Today’s boards are changing
They are becoming more diverse across attributes from gender to race to level of education and years of experience. While board composition is changing, so is the world around them. New and diverse perspectives and mindsets are needed to help boards lead business, enable a future workforce and create sustainable value beyond what is seen on balance sheets.
The pandemic has fast-tracked a rising trend toward workforce strategy oversight at the board level. In Accenture’s Modern Board 2020 Survey, we found that COVID-19 increased 70% of board member involvement in company workforce strategy.
Boards of directors are finding themselves pressed to recalibrate business strategy and governance models of yesterday to urgently address today’s evolving needs. The pressure is high. The need is undeniable. It is time to give workforce strategy a seat at the table.
Board engagement in workforce strategy is no longer an option: it’s the new oversight. The pandemic is not the only factor propelling a new level of board involvement in workforce strategy—industry leaders and governing bodies are calling for change. The International Business and the World Economic Forum recommended non-financial disclosures across environmental, social and governance (ESG) domains to help advance more mainstream and universal annual reporting.
Large investor groups such as BlackRock and State Street Global Advisors penned letters in 2019 urging companies to increase their focus on company purpose, workforce strategies and culture. The rationale being that strong efforts in workforce strategy play a role in strong company performance, including risk mitigation and the bottom line. Our research is proof positive.
We found that Modern Boards were leaders of organizations that exhibited better performance in workforce strategy, revenue and innovation. They are stewards of companies that have experienced revenue growth of 10% more than peers (over the last three years). Furthermore, these organizations were better prepared for crises such as COVID-19 and the impact of social injustice.
What does it take to be a modern board?
The Accenture Modern Board 2020 Survey reveals that those boards answering the call are excelling across five key dimensions:
The bottom-line benefits
Boards with low involvement in workforce strategy saw a revenue decline of at least 5% during COVID-19 within the business they oversee—a rate 1.3X higher than boards that shielded their organizations from such a decline in financial performance.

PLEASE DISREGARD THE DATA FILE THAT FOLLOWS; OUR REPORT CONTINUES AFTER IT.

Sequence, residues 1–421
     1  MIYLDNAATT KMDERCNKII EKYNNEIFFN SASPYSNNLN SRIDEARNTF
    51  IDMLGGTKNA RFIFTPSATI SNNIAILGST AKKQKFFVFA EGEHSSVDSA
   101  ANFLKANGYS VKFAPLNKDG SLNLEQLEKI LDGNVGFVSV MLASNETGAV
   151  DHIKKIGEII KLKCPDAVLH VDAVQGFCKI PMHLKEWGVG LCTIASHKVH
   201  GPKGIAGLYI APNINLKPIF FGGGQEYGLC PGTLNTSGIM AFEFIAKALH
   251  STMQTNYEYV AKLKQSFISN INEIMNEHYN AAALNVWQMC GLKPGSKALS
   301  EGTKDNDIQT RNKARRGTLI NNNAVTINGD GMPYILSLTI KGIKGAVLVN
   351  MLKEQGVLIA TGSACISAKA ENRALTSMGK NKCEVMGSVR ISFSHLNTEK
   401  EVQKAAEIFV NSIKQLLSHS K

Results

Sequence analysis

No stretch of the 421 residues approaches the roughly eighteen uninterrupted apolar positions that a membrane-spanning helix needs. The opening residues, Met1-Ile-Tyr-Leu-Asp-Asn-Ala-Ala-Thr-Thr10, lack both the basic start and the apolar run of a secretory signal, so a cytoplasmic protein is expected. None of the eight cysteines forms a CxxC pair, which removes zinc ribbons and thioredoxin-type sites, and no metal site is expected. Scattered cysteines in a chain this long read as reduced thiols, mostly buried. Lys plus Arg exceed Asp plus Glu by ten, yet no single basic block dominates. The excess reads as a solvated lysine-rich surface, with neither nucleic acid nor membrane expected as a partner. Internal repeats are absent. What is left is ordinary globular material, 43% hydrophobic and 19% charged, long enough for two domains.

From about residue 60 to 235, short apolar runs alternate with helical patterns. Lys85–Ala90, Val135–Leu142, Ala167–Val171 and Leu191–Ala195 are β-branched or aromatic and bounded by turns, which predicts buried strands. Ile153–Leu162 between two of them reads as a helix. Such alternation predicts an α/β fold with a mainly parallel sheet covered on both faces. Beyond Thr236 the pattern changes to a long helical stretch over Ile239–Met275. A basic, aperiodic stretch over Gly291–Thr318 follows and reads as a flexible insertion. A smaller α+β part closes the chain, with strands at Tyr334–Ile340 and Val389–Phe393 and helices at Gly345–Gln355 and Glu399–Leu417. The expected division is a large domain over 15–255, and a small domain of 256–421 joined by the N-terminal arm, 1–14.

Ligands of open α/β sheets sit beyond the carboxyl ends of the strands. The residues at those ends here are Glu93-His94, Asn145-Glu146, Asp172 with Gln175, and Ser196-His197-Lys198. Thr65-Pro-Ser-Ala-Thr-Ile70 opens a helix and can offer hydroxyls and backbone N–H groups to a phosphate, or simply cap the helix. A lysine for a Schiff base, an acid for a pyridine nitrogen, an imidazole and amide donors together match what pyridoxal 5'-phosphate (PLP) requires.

Innovation is a hallmark of companies with Modern Boards. These businesses are up to 1.5X more innovative than peers. Even boards moderately involved in workforce strategy proved to guide businesses that are significantly better at innovation.
Boardroom leaders—and the entire C-suite—have an active role to play in addressing workforce topics. Modern Boards are 1.7X more likely to hold the broader C-suite accountable for workforce strategy. By sharing accountability across the C-suite with necessary board oversight, the board can empower management to lead and it sets the tone for how important workforce strategy is across the organization.
Raising the accountability of workforce strategy to the boardroom reinforces to management that their workforce initiatives and strategies are important and monitored by highest levels of corporate governance. Modern Boards who provide the necessary oversight and hold the broader C-suite accountable for workforce strategy are nearly 2X more likely to have a mature workforce strategy of which effectiveness is driven by metrics.
Modern Boards are nearly 1.9X more likely to be responsive to inclusion and diversity issues not just internal to the business, but externally as well. They are also more responsive to social issues that have impact on the corporate culture and worker well-being.
In addition, they were 1.3X more likely than their counterparts to lead businesses that take a stand against racism and bias in the workplace, up to 2X more likely to publicly report diversity and well-being metrics. These boards not only recognize the problems, they are also more prepared to address issues related to diversity in the organization.